Friday, October 10, 2003


With the World Cycling Championship in town, View takes a look at grassroots cycling initiatives in Hamilton.

After the last race has been won and lost, the big wheels of the local bike-world keep on turning. Once the spectator stands are taken down, why not hop on your bike and become an active participant in the city's living cycling civilization. 

Recycle Cycles has been straightening spokes and packing bearings in the basement of Erskine Presbyterian Church (19 Pearl N.) since 1998. With volunteer labour mainstays Dean Carriere and Neil Croft at the right end of a spoke wrench, they've kept thousands of bikes out of the landfill and under Hamiltonian's bums. This is the place to go to get help doing-it-yourself, a community-based, non-profit, all-volunteer bike repair workshop. It's also the place to go to get a cheap working bike or to pick up some handy bike repair skills. Croft is the shop's cycling philosopher and Carriere the heart and soul (and in the running for the happiest-man-alive award. Must be something in the chain grease?)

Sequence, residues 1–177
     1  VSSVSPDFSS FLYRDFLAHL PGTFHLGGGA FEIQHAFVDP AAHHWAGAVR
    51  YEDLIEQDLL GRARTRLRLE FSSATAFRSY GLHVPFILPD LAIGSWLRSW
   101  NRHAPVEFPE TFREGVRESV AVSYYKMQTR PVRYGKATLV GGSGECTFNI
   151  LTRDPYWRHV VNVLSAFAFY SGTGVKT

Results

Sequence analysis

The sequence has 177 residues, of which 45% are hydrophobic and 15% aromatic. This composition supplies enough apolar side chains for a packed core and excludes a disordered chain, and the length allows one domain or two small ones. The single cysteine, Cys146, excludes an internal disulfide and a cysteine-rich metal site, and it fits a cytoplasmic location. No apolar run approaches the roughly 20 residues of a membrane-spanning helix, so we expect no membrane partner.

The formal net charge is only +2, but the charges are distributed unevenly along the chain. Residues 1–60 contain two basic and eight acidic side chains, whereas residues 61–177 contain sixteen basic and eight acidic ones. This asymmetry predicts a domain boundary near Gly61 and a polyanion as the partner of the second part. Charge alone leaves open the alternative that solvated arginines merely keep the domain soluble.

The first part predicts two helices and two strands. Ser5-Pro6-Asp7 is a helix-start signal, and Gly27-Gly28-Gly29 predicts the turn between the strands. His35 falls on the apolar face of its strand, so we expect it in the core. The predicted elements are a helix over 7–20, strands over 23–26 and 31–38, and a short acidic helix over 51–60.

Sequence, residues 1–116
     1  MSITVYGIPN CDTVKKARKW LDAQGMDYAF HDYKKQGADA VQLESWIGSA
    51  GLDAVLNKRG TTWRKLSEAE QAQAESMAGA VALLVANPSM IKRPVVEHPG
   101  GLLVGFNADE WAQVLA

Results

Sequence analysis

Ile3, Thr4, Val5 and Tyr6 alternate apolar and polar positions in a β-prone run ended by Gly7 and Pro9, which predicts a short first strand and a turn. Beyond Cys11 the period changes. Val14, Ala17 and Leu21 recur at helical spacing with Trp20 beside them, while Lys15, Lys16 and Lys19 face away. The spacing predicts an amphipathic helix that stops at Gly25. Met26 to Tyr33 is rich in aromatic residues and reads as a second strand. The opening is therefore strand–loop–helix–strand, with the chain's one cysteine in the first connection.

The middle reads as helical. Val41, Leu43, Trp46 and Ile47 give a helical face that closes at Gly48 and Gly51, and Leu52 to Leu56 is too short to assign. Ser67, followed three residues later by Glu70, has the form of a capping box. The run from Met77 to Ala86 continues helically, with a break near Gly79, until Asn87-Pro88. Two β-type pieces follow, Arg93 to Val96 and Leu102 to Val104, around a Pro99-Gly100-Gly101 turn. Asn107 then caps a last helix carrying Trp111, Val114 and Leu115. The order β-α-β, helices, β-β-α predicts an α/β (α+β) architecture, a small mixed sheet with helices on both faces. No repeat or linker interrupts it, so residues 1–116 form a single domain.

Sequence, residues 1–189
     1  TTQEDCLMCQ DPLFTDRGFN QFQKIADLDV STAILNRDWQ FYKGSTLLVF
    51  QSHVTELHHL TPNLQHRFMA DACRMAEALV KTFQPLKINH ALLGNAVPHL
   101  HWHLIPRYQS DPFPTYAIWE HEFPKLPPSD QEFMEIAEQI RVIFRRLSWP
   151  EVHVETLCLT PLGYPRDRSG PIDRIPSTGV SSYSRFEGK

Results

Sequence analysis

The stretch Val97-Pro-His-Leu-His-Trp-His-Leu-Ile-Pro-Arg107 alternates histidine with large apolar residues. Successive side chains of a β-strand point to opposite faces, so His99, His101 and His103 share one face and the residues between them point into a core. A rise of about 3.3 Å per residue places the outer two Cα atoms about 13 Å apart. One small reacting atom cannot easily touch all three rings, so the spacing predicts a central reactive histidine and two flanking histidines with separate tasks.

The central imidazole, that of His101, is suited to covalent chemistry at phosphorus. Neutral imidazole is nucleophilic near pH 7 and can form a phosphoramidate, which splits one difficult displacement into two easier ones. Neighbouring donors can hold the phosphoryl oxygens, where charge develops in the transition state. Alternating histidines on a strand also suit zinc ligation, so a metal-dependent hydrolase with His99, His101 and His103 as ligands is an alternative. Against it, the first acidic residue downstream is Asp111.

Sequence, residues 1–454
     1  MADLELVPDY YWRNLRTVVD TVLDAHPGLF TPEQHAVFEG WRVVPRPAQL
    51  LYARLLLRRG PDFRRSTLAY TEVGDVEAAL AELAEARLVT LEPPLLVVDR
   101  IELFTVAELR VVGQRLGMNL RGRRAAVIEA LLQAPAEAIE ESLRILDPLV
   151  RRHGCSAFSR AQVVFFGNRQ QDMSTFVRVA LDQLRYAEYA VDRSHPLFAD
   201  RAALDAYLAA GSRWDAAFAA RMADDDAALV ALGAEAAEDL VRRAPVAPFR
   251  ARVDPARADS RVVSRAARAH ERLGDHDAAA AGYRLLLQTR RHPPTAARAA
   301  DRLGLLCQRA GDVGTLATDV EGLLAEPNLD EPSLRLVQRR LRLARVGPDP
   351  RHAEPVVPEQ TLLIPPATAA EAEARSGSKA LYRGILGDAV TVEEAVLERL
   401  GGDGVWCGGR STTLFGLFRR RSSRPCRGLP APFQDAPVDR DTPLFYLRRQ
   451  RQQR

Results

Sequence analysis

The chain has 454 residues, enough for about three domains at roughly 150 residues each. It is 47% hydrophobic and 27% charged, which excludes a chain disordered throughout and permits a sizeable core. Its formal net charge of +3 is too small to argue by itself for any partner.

Started with help from the Ontario Public Interest Research Group (OPIRG) McMaster, Recycle Cycles is the hands-down best place to go with your bike when your chain gets jammed on a Saturday morning. (Saturdays 9am to 12pm. Call 905.577.7753 to arrange donations, et cetera.) 

Critical Mass arrived in Hamilton in May 1998 with a 70 cyclist ride from Westdale to downtown. The monthly ride gets an average of 30 cyclists out on the last Friday of the month at 5:30pm at Hess and George Streets. The goal of the ride varies from rider to rider, but it generally ends up being a celebration of cycling in the city as cyclists make their way through downtown streets en masse. Typically the Hamilton season runs March to October. This year's March ride was under the banner Pedal For Peace in opposition to the bombing of Iraq and more generally against excessive fossil fuel consumption for transportation. The ride brought out Hamilton's police service to keep a wary eye on the antics of the peace-pedal-pushers. 

Critical Mass was originally a San Francisco thing in 1992, but has since spread to cities around the world. The film We Are Traffic: A Film About Critical Mass, which documents the rise of the phenomenon, has been shown by Transportation for Liveable Communities (see below).